Aug 05, 2010 rated it it was amazing
A compassionate, readable, open and encouraging volume. I hope I have the courage and the stamina to write up to the level provided by this book. My review went from four to five stars in the months it took to read Poet's Companion, try at least one exercise from the choices at the end of each chapter, and do all 14 of the 20-minute writing exercises in the back of the book. I won't say that any of my poems are prize winners, just that I'm excited about them and have started to read parts of the ...more
Ken
Jun 19, 2011 added it
Recommended to Ken by: Ruth Bavetta
Kim Addonzio, a poet I admire, and Dorianne Laux, team up for this succinct, 10-to-15 page chaptered "how-to" book on writing poems that is perfect if you want something authoritative yet at the same time fairly brief. The first part covers typical subjects poets breach and how you might go about mining your own ideas for same. They include the family, writing itself, death and grief, the erotic, places, and poems of witness. Section Two treads into territory you'd expect from a book of this sor ...more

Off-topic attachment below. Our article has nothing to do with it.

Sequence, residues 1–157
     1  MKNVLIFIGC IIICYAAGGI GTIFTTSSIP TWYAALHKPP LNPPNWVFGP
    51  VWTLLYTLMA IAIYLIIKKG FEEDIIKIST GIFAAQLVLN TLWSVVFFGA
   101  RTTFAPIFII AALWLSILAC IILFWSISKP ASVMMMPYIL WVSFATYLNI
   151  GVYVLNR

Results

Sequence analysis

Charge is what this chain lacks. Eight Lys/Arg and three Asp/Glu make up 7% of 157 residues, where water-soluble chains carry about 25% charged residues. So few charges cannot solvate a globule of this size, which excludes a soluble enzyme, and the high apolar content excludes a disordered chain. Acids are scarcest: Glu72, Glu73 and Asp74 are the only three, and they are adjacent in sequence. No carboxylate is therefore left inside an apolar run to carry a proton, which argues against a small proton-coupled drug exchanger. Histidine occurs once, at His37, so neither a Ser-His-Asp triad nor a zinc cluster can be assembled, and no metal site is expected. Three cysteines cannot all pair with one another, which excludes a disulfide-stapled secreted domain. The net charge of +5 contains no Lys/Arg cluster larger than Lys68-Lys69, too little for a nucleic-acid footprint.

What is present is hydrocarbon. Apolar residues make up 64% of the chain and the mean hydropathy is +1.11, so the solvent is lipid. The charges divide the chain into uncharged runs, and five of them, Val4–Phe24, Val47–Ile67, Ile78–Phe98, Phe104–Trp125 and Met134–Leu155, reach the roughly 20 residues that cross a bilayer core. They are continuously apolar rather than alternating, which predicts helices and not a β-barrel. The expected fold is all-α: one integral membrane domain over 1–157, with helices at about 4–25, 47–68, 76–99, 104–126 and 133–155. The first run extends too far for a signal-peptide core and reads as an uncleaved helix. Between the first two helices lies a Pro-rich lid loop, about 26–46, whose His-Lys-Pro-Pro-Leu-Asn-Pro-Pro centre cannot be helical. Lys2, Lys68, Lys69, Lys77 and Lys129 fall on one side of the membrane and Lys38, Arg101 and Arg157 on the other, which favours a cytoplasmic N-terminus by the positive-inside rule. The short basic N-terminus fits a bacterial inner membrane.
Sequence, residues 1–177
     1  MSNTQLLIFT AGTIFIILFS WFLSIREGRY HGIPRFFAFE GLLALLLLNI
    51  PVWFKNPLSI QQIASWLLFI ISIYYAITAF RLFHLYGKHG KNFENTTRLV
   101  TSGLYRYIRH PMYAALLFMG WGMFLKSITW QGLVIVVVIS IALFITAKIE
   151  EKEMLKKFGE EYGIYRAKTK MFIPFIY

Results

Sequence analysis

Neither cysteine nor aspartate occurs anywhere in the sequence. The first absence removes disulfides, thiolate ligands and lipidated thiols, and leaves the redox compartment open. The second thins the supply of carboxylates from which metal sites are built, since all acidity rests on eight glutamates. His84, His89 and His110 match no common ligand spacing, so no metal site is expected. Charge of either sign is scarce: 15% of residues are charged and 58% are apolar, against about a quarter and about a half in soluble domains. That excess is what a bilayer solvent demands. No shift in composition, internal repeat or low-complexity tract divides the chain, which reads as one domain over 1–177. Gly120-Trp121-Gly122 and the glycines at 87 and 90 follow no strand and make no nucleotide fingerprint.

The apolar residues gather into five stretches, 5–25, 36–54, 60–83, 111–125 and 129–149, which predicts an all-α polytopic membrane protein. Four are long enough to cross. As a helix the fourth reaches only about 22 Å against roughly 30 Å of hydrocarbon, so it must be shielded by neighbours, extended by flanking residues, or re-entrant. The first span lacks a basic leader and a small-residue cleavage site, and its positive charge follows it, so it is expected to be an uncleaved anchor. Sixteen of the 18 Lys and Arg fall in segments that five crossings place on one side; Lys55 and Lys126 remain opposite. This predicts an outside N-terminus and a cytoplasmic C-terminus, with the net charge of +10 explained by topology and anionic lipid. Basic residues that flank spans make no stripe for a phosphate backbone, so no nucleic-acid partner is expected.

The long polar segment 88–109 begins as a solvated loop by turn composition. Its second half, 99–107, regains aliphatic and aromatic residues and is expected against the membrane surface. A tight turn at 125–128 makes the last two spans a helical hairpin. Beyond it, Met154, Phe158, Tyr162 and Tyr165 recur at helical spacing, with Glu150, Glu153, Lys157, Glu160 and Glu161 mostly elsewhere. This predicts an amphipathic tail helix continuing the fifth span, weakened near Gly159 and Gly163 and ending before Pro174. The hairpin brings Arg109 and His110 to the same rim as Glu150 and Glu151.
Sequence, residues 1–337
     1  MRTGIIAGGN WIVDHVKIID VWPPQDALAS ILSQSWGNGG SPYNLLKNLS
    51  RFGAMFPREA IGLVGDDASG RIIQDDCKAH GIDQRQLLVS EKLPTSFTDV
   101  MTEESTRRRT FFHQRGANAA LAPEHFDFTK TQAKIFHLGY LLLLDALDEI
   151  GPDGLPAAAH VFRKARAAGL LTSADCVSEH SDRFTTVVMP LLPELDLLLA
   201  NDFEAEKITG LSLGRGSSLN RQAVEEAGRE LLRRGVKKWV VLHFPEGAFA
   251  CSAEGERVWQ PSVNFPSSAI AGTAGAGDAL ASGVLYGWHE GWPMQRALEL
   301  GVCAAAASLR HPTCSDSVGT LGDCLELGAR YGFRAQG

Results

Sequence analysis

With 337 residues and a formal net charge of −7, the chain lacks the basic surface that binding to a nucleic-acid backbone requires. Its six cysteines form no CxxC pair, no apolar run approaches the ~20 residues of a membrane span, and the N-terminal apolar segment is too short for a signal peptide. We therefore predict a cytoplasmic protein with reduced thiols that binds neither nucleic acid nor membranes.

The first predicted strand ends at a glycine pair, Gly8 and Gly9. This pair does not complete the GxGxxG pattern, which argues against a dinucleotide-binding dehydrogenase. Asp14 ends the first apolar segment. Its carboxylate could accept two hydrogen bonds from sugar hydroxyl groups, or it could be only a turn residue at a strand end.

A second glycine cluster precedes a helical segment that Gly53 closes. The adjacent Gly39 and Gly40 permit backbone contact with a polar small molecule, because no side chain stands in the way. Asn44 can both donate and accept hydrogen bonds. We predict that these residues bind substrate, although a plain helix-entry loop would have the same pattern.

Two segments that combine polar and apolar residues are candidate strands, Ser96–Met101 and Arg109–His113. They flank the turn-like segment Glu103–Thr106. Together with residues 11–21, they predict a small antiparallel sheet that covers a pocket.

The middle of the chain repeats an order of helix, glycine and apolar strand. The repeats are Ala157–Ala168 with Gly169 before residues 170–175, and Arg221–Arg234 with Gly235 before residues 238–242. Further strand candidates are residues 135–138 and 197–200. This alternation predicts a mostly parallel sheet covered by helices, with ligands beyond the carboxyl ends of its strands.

Jsavett1
Apr 04, 2012 rated it it was amazing
I've read several books on poetic craft; this, and Ted Kooser's Poetry Home Repair Manual are the best. The chapters here follow the pretty standard content, defining parts of the process and giving great examples from well known and fresh new poems. I found the most interesting and inspirational chapter to be "Stop Making Sense." I happen to pick this book up at a point in my artistic life in which I felt like I was beginning to repeat myself or that, at times, my poetry was becoming too cerebr ...more